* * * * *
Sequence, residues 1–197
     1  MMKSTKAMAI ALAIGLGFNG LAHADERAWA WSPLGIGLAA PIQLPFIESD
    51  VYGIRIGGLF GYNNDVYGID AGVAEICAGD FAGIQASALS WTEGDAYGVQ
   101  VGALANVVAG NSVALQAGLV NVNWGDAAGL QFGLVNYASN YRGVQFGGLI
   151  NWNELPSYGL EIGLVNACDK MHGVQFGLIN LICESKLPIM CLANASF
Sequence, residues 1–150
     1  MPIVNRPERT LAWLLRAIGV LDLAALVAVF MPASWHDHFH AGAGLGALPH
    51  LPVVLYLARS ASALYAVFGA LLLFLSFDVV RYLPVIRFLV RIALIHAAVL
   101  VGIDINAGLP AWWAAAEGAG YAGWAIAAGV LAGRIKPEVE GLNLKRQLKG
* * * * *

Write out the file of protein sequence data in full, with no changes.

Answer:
Sequence, residues 1–197
     1  MMKSTKAMAI ALAIGLGFNG LAHADERAWA WSPLGIGLAA PIQLPFIESD
    51  VYGIRIGGLF GYNNDVYGID AGVAEICAGD FAGIQASALS WTEGDAYGVQ
   101  VGALANVVAG NSVALQAGLV NVNWGDAAGL QFGLVNYASN YRGVQFGGLI
   151  NWNELPSYGL EIGLVNACDK MHGVQFGLIN LICESKLPIM CLANASF
Sequence, residues 1–150
     1  MPIVNRPERT LAWLLRAIGV LDLAALVAVF MPASWHDHFH AGAGLGALPH
    51  LPVVLYLARS ASALYAVFGA LLLFLSFDVV RYLPVIRFLV RIALIHAAVL
   101  VGIDINAGLP AWWAAAEGAG YAGWAIAAGV LAGRIKPEVE GLNLKRQLKG